Wow!Earlier this week, when I looked at how the top fund managers were doing this year, one name leapt out: Bob Rodriguez. The veteran value manager at ( FPPTX) First Pacific Advisers' FPA Capital (FPPTX) came into the year as a growling grizzly bear, braced for a slump and holding more than 40% in cash. So you'd expect him to be trailing badly as Wall Street has boomed instead. The reality? He's whacking the cover off the ball. With one week left of the first half, the market -- as measured by the Standard & Poor's 500 index -- is up 6.2%. Bob Rodriguez: 14.2%. Even while keeping nearly half his fund in cash. That's like beating Wall Street with one hand tied behind his back. How's he doing it? One word: energy. Rodriguez boldly held on to his big energy holdings during the sector rout last autumn. That cost him a market-beating performance in 2006. But they've come good since, in spectacular style. "The firm benefits from its large stake in energy and energy-related stocks," he tells me. "These are up anywhere from 30% to 100% since last fall." His big winners were mainly in the oil drilling and drilling equipment industries. They included Ensco International ( ESV), Rowan Companies ( RDC), Patters-UTI ( PTEN - Get Report) and National Oilwell Varco ( NOV - Get Report). Rodriguez remains an energy bull. He thinks world oil production is peaking and the price per barrel is headed above $100 sooner or later. "In our opinion, the era of cheap oil prices is over," the fund manager says. To watch Brittany Umar's video take of this column,
He had a few other winners outside of energy. Chief among them was Avnet ( AVT - Get Report), an electronics distributor. The stock collapsed in a profits warning a year ago. Rodriguez ran the numbers and decided Wall Street had badly overreacted. Like any true value investor, when he bets, he bets big. Rodriguez threw 10% of his fund into the stock at prices starting below $17 a share. Today? It's $41.75. That's some return. Fortune favors the brave. But then, Rodriguez is no newcomer to this game. He's put together a terrific long-term record at FPA Capital since the fund launched in 1984. He's beaten the market by an average of six percentage points a year over 10 and 15 years, according to Lipper. Six points a year. That's even though he's behind during the boom of the last three. As for opportunities out there right now? He doesn't see a lot. If any. "Just because somebody else wants to jump off a cliff doesn't mean I have to follow them," he says of this market. "I'm not a relative value manager, I'm an absolute value manager." In other words, if he can't find anything really good to buy, he can sit on the sidelines and wait for better opportunities. Most mutual fund managers don't have that flexibility. They have to be fully invested.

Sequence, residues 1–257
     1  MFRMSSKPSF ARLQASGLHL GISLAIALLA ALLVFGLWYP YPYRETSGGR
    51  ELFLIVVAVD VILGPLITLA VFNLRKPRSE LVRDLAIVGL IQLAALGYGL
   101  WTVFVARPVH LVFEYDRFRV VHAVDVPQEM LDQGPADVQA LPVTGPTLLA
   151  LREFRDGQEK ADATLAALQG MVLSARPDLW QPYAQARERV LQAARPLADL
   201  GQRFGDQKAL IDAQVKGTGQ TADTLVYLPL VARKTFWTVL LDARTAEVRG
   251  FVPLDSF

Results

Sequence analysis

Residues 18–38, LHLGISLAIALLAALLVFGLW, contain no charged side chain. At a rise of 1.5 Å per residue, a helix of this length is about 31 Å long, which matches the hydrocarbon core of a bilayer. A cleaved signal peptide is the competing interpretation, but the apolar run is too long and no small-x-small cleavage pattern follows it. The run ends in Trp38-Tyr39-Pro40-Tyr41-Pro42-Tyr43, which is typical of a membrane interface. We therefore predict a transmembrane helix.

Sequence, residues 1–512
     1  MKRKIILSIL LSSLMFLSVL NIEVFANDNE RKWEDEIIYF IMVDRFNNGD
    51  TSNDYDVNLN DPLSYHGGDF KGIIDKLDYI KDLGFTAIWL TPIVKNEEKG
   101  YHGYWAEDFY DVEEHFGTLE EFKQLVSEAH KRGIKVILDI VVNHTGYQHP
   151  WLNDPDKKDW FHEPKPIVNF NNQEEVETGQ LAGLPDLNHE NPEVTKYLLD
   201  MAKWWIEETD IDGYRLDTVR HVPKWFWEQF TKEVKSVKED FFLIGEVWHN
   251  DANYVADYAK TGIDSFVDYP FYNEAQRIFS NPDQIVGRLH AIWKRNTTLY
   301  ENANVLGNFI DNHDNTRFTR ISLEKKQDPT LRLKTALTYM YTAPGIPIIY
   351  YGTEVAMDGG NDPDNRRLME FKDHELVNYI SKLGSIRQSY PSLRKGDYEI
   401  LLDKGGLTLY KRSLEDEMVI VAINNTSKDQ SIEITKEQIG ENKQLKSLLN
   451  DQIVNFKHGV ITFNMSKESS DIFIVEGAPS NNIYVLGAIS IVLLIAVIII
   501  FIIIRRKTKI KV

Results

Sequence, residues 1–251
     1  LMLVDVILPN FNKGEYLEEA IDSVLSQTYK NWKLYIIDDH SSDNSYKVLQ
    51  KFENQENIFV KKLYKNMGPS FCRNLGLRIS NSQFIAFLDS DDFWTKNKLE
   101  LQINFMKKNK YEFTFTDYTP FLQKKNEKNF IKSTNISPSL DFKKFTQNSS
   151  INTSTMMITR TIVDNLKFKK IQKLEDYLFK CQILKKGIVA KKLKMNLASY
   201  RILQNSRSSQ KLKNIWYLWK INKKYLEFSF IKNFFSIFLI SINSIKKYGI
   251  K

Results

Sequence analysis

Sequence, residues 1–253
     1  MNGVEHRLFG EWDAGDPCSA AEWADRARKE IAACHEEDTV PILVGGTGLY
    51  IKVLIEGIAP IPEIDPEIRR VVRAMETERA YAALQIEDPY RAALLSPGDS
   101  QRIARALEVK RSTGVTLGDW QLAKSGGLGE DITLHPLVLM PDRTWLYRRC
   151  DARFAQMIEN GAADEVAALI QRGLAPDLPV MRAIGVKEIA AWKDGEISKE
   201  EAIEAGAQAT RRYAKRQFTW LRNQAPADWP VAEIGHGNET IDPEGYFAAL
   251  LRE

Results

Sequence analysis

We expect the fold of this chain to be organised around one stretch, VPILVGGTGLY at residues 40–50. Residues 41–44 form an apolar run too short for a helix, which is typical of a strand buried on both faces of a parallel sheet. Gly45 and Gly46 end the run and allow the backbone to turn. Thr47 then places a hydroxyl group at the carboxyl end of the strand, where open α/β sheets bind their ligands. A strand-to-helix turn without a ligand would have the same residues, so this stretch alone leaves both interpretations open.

Rodriguez's fund is closed to new investors, not because he had so much money flowing in, but because he cannot find productive investments for any more cash. Rodriguez began 2007, as he had for some time, with a very bearish stance. Has that changed at all since then? "I'm still very bearish," he says. "Even more so. I've been selling into this rally. We've done very little buying this year." He's selling 10 or 15 stocks for each one he's buying. The percentage of cash in the portfolio is in the low forties. Rodriguez sees "signs of excess in many areas," and he's increasingly worried about the financial picture here in the U.S. The fund manager thinks mortgage defaults are going to increase dramatically and the contagion will spread. Lending standards, he says, collapsed during the last few years of the housing bubble and the bill is going to come due. He sees house prices continuing to fall. And he is concerned about toxic amounts that hedge fund and private-equity managers borrow to goose up their returns. Rodriquez plans to scare audiences in Chicago next week, where he is due to give speeches to a Morningstar conference and a meeting of Chartered Financial Analysts. "You never know when there's going to be a crash," he says. But his favorite investment right now? "It's a four-letter investment called cash."